How can an “objective journalist” be tweeting their opinions or posting them on Facebook? The social media revolution has created an enormous dilemma for reporters and editors with no simple answers.
AP social media guidelines for employees are clear, they “must refrain from declaring their views on contentious public issues in any public forum” because those expressions “may damage the AP’s reputation as an unbiased source of news.” Yet, journalists have to be on social media. No one engaged in gathering and reporting news can ignore what millions of their viewers, readers, and listeners are saying. We also have learned effective social media requires two-way communication with transparency from all those involved.
How can a reporter withhold what they really think and expect transparency from others? Isn’t it better to know what they really think than to keep their views hidden from us? Isn’t more disclosure one of the things journalists are fighting for all the time?
This problem is exacerbated by the blurring line between journalist and commentator. Our cable “news channels” are filled with anchors who blast away daily with opinions so personal they could scrape paint off the wall.
Like it or not, journalists are commodities. Their business role is to develop a following, a constituency that will ultimately consider buying the products and services from advertisers that pay the journalist’s salary and benefits. Those constituencies are now being built by interactive mass communication.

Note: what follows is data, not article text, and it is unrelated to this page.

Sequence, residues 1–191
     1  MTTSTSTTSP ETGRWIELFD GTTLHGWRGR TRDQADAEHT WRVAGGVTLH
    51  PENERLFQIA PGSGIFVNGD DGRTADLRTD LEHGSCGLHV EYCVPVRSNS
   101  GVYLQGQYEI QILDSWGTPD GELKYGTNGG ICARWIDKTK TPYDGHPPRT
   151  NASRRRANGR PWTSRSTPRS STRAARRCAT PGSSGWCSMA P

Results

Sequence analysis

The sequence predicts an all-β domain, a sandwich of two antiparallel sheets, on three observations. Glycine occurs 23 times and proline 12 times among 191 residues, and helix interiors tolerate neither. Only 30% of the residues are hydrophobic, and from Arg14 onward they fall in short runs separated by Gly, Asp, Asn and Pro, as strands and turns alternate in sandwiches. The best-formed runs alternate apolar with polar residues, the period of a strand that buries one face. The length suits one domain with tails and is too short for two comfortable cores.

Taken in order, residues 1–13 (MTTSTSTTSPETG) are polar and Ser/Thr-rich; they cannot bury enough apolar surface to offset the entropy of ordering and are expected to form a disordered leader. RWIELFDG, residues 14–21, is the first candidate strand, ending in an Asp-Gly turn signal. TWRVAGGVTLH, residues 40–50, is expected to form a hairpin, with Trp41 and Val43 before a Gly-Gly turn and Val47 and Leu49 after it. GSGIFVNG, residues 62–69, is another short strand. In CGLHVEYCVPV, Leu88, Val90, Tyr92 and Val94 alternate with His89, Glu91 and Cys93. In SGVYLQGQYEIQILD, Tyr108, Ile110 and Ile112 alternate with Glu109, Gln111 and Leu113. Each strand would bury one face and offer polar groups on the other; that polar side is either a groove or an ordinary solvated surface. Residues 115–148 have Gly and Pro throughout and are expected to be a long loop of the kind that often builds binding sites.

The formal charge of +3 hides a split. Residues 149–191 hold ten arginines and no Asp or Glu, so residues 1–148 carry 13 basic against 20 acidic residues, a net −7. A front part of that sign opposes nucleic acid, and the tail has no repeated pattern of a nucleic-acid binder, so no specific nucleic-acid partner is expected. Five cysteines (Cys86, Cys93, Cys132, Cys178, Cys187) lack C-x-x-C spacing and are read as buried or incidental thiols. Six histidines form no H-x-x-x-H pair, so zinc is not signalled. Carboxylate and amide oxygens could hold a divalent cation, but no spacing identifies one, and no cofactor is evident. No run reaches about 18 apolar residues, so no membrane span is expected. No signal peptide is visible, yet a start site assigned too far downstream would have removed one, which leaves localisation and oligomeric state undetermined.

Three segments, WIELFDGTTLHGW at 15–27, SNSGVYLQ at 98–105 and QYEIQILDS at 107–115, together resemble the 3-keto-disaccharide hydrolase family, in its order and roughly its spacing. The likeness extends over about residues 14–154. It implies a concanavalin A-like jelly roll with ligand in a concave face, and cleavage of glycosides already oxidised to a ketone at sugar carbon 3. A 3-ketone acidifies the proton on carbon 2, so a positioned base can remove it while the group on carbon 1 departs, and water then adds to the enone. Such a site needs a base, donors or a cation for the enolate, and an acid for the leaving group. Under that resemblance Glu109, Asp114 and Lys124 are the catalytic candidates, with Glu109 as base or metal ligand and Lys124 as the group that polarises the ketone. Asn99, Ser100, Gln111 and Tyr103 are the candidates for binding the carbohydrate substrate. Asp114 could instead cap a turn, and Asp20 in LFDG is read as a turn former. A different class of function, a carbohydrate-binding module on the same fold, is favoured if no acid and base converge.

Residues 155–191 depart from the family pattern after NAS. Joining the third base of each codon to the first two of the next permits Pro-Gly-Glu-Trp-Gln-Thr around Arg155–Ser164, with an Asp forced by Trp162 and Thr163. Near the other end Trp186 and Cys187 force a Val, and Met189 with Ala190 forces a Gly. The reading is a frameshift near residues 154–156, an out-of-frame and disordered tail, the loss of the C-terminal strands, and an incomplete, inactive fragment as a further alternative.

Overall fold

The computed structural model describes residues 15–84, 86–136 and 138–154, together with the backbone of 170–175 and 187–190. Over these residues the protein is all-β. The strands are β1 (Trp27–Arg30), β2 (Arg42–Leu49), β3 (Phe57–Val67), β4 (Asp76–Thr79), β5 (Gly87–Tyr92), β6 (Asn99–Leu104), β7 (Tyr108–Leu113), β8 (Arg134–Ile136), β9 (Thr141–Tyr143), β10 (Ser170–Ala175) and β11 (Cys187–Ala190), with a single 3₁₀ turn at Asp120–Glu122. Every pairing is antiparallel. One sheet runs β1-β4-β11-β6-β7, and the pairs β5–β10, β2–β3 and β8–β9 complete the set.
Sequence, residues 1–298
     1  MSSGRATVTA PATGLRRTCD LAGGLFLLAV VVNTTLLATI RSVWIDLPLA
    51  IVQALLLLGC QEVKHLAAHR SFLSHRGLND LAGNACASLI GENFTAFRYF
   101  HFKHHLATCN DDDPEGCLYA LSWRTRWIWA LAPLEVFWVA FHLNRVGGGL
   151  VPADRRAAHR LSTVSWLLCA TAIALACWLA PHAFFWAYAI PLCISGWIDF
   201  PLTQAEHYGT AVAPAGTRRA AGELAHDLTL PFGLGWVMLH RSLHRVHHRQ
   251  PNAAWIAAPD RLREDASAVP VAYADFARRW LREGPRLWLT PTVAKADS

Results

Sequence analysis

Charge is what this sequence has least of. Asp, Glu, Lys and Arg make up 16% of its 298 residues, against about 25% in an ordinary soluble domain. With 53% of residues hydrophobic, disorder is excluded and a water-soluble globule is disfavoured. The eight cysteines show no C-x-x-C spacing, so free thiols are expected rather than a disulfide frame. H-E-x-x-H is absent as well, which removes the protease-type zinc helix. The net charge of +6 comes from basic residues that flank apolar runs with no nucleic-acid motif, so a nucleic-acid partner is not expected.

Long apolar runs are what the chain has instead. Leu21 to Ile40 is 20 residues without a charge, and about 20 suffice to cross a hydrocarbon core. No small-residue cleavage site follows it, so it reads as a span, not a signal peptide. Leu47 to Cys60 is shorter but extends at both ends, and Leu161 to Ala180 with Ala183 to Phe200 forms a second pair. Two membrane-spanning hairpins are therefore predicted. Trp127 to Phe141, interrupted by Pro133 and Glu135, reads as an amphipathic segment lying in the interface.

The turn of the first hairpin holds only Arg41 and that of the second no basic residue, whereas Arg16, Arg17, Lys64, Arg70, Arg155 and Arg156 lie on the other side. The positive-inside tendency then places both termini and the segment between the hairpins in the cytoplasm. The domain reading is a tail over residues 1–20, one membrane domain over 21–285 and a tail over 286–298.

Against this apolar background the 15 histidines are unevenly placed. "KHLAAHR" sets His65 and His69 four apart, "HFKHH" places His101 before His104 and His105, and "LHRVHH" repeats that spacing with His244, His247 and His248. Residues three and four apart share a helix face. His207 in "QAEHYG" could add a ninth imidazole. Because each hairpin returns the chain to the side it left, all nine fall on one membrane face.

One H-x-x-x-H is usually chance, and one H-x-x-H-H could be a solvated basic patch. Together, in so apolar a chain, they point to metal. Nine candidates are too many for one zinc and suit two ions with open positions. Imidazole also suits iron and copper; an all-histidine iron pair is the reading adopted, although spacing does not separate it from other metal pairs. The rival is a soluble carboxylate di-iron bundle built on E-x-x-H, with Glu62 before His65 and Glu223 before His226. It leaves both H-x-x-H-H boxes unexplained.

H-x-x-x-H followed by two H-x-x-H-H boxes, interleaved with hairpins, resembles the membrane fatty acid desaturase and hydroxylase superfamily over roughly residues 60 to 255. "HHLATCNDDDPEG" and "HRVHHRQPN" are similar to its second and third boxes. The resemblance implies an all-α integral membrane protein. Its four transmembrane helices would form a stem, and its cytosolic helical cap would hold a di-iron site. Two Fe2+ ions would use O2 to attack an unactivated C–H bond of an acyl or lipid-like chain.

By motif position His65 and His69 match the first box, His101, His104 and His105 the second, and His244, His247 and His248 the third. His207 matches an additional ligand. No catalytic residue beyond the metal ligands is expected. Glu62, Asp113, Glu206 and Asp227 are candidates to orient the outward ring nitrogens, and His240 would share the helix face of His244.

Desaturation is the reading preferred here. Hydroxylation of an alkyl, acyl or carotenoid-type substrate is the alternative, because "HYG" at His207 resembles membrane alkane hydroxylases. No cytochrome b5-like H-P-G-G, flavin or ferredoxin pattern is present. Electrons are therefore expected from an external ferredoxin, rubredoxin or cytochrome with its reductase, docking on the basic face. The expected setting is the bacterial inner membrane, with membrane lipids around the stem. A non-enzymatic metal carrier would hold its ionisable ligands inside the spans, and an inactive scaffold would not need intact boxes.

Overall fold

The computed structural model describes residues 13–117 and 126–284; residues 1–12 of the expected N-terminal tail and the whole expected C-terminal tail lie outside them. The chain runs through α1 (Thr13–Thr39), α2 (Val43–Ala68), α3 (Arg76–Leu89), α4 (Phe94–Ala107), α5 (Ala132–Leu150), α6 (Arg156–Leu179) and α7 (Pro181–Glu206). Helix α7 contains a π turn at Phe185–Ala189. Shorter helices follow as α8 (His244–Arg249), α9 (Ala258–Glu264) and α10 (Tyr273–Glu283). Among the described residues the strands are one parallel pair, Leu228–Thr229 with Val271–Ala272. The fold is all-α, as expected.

So what’s a decent journalist to do? First, be clear about who you are. If you are both a journalist and commentator, understand your comments affect your standing as an objective journalist. If you are a journalist alone, understand that once you state your opinion you become part of the story, part of the process of persuasion that envelops whatever controversy it might be.
There are journalists who genuinely believe being an advocate, too, is a path to a better society. To that I say, on whose terms? Isn’t the best path having a profession of hard-working people pursuing the truth each day and leaving the conclusions up to the people they serve?
It is a hard thing to bite your tongue on issues you know well. But, sometimes, it goes with the job.
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